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Kushner saying immigration plan will be 'neutral' on legal admissions: report

Kushner saying immigration plan will be 'neutral' on legal admissions: report
© Stefani Reynolds

White House senior adviser Jared KushnerJared Corey KushnerThe Hill's Morning Report - Presented by the UAE Embassy in Washington, DC - COVID-19 fears surround Thanksgiving holiday Pompeo becomes first top US diplomat to visit Israeli settlement, labels boycotts anti-Semitic NYT's Bruni suggests Ivanka Trump, Kushner move to North Korea or Saudi Arabia MORE has reportedly told associates that a plan to reform the U.S. immigration system he is working on will not affect the overall number of legal admissions into the United States.

Axios reported Wednesday that Kushner has told people involved with the effort that his plan will be "neutral" on overall immigration levels, and will seek to reduce the number of immigrants coming in due to family relationships while increasing the number of high-skilled immigrants admitted for work visas.

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Multiple sources told the news outlet that Kushner said the plan will address issues such as visa overstays and seasonal workers, and that he hopes to present the plan to President TrumpDonald John TrumpTrump rages against '60 Minutes' for interview with Krebs Cornyn spox: Neera Tanden has 'no chance' of being confirmed as Biden's OMB pick Pa. lawmaker was informed of positive coronavirus test while meeting with Trump: report MORE in the form of legislation in the coming days.

Kushner has also enlisted the White House Council of Economic Advisers to study the plan and "make sure the plan has positive effects on GDP [gross domestic product] growth and wage growth," according to one person familiar with the efforts.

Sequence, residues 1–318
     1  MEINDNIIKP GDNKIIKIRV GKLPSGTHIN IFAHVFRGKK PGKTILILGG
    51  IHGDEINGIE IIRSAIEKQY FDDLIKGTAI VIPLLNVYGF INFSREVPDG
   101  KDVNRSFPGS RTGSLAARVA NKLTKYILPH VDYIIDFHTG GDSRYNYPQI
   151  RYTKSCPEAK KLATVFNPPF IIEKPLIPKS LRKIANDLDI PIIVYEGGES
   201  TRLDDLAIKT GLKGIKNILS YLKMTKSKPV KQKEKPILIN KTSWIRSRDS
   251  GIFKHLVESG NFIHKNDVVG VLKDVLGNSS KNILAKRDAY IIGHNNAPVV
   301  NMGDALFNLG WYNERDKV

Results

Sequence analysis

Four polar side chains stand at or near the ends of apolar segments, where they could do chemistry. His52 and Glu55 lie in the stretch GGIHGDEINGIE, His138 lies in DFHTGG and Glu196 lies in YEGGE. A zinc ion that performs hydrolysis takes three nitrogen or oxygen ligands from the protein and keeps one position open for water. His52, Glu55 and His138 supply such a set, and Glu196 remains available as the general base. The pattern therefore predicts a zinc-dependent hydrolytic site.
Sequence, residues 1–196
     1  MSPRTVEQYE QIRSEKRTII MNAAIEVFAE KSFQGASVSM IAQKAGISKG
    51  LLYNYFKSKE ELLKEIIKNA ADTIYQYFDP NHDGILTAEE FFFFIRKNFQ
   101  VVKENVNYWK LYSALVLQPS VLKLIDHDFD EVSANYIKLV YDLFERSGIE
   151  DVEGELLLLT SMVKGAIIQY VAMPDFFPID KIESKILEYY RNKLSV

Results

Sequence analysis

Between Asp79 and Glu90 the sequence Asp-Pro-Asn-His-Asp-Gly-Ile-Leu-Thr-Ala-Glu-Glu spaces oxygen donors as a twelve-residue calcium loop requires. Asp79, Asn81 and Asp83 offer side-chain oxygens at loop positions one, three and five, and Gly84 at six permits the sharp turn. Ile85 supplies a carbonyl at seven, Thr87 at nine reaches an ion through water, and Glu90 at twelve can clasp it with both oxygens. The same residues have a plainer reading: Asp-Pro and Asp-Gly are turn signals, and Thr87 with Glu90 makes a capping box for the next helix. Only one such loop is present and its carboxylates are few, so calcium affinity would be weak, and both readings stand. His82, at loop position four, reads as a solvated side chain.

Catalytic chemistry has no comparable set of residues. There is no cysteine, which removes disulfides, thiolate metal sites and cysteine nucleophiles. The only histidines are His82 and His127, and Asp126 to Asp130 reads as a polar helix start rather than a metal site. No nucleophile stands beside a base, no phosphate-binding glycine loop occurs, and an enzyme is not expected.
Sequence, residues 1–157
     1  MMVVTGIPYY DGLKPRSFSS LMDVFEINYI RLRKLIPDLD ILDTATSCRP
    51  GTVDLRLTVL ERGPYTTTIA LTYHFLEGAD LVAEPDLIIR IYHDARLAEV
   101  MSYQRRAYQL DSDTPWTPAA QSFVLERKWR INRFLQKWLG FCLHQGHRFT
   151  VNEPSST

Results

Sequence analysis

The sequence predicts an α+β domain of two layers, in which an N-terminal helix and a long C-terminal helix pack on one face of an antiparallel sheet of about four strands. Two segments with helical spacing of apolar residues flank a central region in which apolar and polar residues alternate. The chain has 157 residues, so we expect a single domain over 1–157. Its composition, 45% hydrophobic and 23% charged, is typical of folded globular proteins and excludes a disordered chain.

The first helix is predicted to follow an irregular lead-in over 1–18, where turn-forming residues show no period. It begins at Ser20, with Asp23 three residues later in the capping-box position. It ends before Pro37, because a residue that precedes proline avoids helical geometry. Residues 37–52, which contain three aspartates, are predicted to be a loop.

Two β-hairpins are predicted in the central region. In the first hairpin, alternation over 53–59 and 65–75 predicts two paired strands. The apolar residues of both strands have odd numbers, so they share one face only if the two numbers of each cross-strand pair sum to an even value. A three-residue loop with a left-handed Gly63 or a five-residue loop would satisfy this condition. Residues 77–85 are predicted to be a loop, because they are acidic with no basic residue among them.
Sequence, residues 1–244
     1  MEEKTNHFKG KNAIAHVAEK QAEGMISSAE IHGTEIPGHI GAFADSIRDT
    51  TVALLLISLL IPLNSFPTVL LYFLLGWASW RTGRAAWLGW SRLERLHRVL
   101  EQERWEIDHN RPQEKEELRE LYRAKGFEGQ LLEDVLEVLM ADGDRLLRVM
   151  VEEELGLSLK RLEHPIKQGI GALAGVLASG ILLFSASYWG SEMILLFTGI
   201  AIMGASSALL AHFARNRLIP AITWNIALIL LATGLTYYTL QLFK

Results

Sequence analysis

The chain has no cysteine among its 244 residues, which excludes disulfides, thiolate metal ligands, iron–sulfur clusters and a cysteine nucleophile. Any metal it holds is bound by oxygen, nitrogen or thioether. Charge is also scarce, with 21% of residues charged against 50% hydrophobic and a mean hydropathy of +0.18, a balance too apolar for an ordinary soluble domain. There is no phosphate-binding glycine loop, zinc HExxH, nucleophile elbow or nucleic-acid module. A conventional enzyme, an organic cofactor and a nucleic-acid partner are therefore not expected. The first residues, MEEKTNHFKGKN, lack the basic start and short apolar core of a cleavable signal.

Some Republican senators including Sens. Mike LeeMichael (Mike) Shumway LeeMcConnell halts in-person Republican lunches amid COVID-19 surge Loeffler isolating after possible COVID-19 infection Rick Scott tests positive for coronavirus MORE (Utah), John CornynJohn CornynCornyn spox: Neera Tanden has 'no chance' of being confirmed as Biden's OMB pick Cornyn on Biden aides' undisclosed ties: 'The Senate is not obligated to confirm anyone who hides this information' Cornyn says election outcome 'becoming increasingly clear': report MORE (Texas) and Lindsey GrahamLindsey Olin GrahamIs Trump headed to another campaign or to a courtroom? Biden's Cabinet a battleground for future GOP White House hopefuls Republicans ready to become deficit hawks again under a President Biden MORE (S.C.) have been briefed on the most important details of the plan, Axios noted, adding that most GOP lawmakers remain in the dark about what the bill will contain.

The president has pushed Congress to act on immigration for months, citing the growing number of apprehensions along the U.S. southern border of migrants suspected of crossing the border illegally.

Customs and Border Protection (CBP) chief Kevin McAleenan said last month that his agency is at a "breaking point."

“Two weeks ago, I briefed the media and testified in Congress that our immigration system was at the breaking point. That breaking point has arrived this week at our border," McAleenan said in late March.

"CBP is facing an unprecedented humanitarian and border security crisis all along our southwest border and nowhere has that crisis manifested more acutely than here in El Paso,” he added.